Let's say the price of gold rises to £20k per kg. A asks B to terminate the contract, and to pay up £20k. In effect, A has had exactly the same effect as having bought gold. And B has had exactly the same effect as having sold some gold, and buying it back later.
But, there's a problem. What if B goes bust. What good is B's promise to A to pay £20k, if he doesn't have £20k? And that is the fundamental problem of derivatives - counterparty risk. The person/company you trusted to pay out doesn't pay out.
Some types of derivative, e.g. futures contracts (for oil, gold, etc...) are traded on an exchange. The exchange matches up people wishing to take part in derivatives contracts - the 'sellers' and 'buyers'. However, although the exchange matches up participants - it actually takes on the agreements itself. So, if the exchange matches up A & B, in the example above - in actuality 2 contracts are created: A 'buys' from the exchange, and B 'sells' to the exchange. This means that the exchange takes responsibility for paying up the other side of a deal. As a result, the exchanges are absolutely fanatical about making sure you are good for the deal. They will insist on suitable credit checks, and sufficient cash as collateral being paid up front (and topped up if you make a loss). A derivative traded on an exchange (stock options, futures, etc.) has never failed to pay up - if one party went bust because they made a big loss, the exchange covered for them so that their counterparty didn't lose out. The exchange may also publish a list of all transactions, and impose limits on how much risk an individual party may take. E.g. the futures exchanges limit any on one company from entering into oil contracts worth more than $2 billion.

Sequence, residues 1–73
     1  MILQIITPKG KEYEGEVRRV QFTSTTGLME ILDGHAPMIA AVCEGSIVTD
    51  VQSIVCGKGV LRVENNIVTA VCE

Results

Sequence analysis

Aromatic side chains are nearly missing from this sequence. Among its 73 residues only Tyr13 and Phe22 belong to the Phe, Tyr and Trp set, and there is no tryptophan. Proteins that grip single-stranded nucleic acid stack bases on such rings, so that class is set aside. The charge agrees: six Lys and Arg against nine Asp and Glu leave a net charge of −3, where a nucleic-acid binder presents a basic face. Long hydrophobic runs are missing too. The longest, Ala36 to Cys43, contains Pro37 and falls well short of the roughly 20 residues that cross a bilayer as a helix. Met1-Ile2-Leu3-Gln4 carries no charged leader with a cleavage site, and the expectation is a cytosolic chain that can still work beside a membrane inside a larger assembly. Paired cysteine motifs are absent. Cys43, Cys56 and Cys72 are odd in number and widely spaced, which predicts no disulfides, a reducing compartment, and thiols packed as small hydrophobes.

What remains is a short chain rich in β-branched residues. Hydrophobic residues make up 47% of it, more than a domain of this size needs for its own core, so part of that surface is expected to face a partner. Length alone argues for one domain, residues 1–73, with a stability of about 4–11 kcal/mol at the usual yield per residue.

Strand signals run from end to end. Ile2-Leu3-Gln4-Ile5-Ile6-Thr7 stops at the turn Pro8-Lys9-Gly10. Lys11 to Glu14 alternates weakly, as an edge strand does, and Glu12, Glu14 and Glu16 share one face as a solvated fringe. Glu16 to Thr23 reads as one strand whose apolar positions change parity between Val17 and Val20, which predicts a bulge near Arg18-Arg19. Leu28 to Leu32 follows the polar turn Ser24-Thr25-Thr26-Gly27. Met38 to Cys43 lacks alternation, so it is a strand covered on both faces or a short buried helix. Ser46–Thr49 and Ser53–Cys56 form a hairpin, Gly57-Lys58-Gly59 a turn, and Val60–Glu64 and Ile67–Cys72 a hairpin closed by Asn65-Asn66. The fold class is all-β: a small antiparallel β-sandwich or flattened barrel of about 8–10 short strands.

The problem is that most derivatives are not traded on exchanges. They are private contracts drawn up between two people. As these are private, no one knows how much risk any one company is taking on. There is no independent audit checking the collateral is acceptable. It relies on each party to the contract keeping tabs on the other party, and prompting them to cough up additional collateral as and when required.